Everyone has an accent, whether we believe it or not. An accent is one of a person’s prime identifiers. People subconsciously make judgments based on someone’s accent, even using it to make assumptions regarding their intelligence, which is unfortunate. However, accents are also another thing that makes people different. One of my favorite short YouTube videos is of a woman having her husband read a phrase in his Southern accent, then trying to say it “without an accent” — even though it is impossible. This led me to do some more research about the history of American accents. There are a lot of factors that go into regional accents, but the biggest one has to do with historical immigration patterns.
Of course, not everyone has a strong or noticeable regional accent. In fact, a lot of people speak what is known as “General American” where their accent does not have any regionally distinctive features. People who live in urban areas are more likely to have one of these American accents.
We all definitely shape our pronunciations based on how the people talk where we are from. For a long time, I thought that I didn’t have an accent despite being from Boston. It was when I got to college that I saw the juxtaposition of my accent in comparison to other people. Although it’s mild, I drop a couple of “r’s” here and there compared to my friends. Working in a warehouse this summer made it even stronger. I had to yell a lot, and it is much easier to yell words that end with a vowel instead of a consonant. So instead of “water,” I would often yell, “Gimme a bottle o wah-dah!” It was then that I realized, “Oh, so this is where my Boston accent has been hiding.”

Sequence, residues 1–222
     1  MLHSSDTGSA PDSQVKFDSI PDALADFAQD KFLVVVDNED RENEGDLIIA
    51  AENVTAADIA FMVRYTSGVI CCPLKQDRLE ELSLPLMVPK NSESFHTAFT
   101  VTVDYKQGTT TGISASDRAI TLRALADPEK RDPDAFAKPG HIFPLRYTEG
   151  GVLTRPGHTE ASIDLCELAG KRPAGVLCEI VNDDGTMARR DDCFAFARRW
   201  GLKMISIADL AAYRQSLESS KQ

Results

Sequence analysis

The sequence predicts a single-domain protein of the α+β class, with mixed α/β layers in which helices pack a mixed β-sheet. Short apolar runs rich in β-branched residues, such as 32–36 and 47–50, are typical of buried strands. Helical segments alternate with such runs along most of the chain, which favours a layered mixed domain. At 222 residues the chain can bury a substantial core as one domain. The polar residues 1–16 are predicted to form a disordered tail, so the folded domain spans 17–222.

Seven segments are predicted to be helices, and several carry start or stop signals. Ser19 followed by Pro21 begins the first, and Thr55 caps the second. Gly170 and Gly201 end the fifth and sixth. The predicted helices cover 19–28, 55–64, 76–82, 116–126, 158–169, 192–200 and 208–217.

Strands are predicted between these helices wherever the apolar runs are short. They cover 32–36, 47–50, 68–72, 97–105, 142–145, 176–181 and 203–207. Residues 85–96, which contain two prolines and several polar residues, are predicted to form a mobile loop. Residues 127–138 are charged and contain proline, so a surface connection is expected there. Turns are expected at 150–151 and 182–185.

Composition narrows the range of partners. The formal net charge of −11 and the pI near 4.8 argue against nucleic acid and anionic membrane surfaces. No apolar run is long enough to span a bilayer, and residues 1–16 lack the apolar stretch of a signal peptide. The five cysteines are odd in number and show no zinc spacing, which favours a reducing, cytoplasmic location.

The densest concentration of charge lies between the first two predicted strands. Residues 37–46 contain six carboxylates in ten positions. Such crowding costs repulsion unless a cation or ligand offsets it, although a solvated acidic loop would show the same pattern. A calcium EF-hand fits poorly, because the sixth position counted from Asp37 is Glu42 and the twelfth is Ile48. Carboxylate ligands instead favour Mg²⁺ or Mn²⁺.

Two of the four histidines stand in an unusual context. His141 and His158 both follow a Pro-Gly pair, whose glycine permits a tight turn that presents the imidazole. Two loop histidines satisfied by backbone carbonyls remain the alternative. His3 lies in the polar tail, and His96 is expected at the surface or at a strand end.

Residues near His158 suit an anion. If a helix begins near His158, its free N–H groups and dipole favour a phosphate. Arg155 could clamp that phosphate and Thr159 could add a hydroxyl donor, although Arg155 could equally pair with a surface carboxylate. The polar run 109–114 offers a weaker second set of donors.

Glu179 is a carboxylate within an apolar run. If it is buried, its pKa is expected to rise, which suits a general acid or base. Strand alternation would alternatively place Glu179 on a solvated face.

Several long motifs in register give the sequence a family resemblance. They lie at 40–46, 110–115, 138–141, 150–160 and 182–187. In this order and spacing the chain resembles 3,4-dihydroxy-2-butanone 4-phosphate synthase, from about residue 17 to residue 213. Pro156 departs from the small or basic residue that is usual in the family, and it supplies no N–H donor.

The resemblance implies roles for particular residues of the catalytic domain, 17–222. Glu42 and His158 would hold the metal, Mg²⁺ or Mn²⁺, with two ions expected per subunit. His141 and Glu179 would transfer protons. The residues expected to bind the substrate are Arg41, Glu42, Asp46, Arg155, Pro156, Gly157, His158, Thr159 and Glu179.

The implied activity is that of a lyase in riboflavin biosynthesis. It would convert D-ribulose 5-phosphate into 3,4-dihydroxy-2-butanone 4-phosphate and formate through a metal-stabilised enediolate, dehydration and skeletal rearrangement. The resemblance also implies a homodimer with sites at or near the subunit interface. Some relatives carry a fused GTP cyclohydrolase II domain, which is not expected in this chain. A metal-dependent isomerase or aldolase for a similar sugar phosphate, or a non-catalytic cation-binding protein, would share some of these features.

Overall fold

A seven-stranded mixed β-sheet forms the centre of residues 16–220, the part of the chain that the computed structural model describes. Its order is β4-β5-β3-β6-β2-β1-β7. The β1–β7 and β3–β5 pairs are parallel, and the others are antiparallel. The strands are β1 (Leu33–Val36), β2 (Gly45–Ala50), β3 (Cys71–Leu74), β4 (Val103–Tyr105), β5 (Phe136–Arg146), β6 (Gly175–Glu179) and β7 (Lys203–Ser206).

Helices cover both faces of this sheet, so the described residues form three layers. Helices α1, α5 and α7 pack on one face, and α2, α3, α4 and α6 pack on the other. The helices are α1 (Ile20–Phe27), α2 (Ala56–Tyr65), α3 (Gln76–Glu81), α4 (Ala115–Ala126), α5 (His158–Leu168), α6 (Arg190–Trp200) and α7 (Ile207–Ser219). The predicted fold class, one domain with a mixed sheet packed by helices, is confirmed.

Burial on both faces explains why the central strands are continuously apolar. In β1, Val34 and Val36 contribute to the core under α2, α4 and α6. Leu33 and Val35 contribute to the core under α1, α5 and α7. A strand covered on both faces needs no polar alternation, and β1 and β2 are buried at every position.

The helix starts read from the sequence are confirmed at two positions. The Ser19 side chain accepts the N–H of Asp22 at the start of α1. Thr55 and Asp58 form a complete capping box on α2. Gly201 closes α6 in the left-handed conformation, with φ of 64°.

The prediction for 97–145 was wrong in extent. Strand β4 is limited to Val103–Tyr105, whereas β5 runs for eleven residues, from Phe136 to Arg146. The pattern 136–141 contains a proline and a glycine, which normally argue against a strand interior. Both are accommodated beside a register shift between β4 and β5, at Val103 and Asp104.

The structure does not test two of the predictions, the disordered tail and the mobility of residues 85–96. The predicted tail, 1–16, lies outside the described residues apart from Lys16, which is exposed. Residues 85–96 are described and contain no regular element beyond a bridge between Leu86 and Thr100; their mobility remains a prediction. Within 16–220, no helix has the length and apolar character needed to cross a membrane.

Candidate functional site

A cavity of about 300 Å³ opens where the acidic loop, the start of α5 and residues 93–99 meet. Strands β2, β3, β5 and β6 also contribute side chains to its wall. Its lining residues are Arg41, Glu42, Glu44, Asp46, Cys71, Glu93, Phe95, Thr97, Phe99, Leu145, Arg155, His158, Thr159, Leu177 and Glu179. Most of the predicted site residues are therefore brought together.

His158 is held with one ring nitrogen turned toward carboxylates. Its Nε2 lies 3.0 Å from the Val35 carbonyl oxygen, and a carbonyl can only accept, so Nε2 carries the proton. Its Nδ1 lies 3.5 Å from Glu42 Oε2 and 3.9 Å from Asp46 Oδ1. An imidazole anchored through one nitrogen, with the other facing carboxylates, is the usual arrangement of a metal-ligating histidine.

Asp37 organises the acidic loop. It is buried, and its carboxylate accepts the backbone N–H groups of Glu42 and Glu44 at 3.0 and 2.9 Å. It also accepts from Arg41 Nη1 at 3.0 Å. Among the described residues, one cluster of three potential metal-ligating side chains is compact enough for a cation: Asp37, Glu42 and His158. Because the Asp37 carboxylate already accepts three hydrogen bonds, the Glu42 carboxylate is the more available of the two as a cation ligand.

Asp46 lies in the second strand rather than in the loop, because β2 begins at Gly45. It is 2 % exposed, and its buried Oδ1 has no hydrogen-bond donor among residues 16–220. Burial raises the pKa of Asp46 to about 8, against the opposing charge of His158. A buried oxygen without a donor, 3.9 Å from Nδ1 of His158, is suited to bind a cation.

The Northeast is home to many loud, urban accents. Think Danny Devito or Sylvester Stallone. The Northeast accent is derived from each city’s long history of immigration. Northeastern port cities like Boston, New York City and Philadelphia were the destinations of many immigrants, which made each respective city’s accent a fusion of different foreign tongues. A lot of immigrants that went to New York City and Boston were from southern England. This region’s population naturally drops the “r” in a lot of their pronunciations, which resulted in the populace having similar speaking patterns.